Bright and sensitive ratiometric fluorescent probe enabling endogenous FA imaging and mechanistic exploration of indirect oxidative damage due to FA in various living systems†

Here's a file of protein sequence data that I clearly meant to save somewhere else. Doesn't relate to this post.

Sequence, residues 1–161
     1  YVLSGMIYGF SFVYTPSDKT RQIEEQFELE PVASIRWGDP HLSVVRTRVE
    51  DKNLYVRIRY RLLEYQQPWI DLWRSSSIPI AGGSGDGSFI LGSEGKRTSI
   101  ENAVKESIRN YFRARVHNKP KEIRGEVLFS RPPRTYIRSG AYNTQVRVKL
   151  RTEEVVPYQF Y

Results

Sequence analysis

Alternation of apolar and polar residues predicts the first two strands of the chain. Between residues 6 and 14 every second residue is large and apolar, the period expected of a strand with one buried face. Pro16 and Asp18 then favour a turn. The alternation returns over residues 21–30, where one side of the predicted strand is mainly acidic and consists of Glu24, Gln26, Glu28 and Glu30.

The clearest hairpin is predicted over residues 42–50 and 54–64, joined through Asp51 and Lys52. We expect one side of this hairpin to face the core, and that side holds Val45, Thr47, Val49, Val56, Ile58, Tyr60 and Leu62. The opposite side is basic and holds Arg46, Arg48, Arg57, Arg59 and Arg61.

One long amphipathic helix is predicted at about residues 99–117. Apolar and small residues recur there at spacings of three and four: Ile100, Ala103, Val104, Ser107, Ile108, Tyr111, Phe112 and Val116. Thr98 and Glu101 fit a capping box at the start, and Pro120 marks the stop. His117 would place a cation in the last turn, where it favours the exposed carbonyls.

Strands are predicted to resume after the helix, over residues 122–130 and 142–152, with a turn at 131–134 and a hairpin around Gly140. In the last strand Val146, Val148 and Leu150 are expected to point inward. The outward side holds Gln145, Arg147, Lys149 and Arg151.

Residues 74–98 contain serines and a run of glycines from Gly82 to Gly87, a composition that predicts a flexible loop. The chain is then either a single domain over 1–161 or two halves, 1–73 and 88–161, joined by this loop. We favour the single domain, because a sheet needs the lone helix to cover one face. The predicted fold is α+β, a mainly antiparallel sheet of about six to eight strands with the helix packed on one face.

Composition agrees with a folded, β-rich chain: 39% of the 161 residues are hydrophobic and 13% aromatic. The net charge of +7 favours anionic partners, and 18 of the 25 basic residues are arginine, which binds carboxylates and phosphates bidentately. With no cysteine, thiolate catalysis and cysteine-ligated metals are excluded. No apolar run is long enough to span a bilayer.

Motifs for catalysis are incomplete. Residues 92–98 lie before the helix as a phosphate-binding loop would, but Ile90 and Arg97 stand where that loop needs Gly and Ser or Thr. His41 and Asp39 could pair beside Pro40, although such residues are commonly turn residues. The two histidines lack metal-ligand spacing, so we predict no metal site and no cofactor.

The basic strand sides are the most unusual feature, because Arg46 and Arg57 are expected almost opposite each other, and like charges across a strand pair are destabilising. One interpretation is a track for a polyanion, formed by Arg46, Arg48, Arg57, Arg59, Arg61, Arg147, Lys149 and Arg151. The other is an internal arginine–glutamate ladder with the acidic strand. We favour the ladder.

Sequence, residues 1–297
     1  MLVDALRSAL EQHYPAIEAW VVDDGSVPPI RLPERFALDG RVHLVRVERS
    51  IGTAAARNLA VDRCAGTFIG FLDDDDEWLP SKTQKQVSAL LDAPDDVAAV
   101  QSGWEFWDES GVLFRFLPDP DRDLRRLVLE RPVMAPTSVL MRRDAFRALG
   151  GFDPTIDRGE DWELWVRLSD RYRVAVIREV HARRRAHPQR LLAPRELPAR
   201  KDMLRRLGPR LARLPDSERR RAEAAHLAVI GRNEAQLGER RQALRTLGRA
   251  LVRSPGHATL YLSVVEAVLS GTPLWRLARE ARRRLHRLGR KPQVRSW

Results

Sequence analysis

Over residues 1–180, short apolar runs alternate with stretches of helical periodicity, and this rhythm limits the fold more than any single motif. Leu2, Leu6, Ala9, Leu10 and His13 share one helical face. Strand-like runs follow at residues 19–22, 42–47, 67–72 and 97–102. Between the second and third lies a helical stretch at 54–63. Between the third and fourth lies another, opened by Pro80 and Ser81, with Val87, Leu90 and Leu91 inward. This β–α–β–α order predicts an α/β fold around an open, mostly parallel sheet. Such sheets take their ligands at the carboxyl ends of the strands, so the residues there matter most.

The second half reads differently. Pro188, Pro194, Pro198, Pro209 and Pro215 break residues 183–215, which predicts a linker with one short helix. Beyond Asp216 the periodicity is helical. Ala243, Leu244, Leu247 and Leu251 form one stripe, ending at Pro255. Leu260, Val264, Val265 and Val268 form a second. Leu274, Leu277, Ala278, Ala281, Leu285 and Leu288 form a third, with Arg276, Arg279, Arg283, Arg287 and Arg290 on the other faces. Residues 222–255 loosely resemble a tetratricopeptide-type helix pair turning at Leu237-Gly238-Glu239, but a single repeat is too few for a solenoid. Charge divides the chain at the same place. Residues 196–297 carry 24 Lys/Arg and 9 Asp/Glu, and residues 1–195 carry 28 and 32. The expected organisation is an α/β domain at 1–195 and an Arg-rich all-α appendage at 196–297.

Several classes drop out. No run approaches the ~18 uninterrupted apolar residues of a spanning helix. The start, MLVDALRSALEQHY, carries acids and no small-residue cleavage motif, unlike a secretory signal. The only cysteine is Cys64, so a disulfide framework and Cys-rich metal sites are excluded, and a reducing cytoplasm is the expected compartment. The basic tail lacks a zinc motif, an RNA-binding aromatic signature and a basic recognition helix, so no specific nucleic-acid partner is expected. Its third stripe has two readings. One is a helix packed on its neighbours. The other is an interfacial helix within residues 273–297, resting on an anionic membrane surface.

As a notorious toxin, formaldehyde (FA) poses an immense threat to human health. Aberrantly elevated FA levels lead to serious pathologies, including organ damage, neurodegeneration, and cancer. Unfortunately, current techniques limit FA imaging to general comparative studies, instead of a mechanistic exploration of its biological role, and this is presumably due to the lack of robust molecular tools for reporting FA in living systems. More importantly, despite being reductive, FA, however, can induce oxidative damage to organisms, thus providing a challenge to the mechanistic study of FA using fluorescence imaging. Herein, we presented the design and multi-application of a bright sensitive ratiometric fluorescent probe 1-(4-(1H-phenanthro[9,10-d]imidazol-2-yl)phenyl) but-3-en-1-amine (PIPBA). With a π-extended phenylphenanthroimidazole fluorophore and an allylamine group, PIPBA exhibited high quantum yield (ϕ = 0.62) in blue fluorescent emission and selective reactivity toward FA. When sensing FA, PIPBA transformed to PIBE, which is a product capable of releasing bright green fluorescence (ϕ = 0.51) with its enhanced intramolecular charge transfer (ICT). Transformation of PIPBA to PIBE contributed to 80 nm of red shift in emission wavelength and a highly sensitive ratiometric response (92.2-fold), as well as a quite low detection limit (0.84 μM). PIPBA was successfully applied to various living systems, realizing, for the first time, ratiometric quantification (in cells), in vivo imaging (zebrafish), and living tissue imaging (vivisectional mouse under anaesthetic) of endogenous FA that was spontaneously generated by biological systems. Furthermore, with the aid of PIPBA, we obtained visual evidence for the oxidative damage of FA in both HeLa cells and renal tissue of a living mouse. The results demonstrated that FA exerted indirect oxidative damage by interacting with free radicals, thus producing more oxidizing species, which eventually caused aggravated oxidative damage to the organism. The indirect oxidative damage due to FA could be alleviated by an exogenous or endogenous antioxidant. The excellent behaviors of PIPBA demonstrate that a chemical probe can detect endogenous FA in cells/tissue/vivo, promising to be an effective tool for further exploration of the biological mechanism of FA in living systems.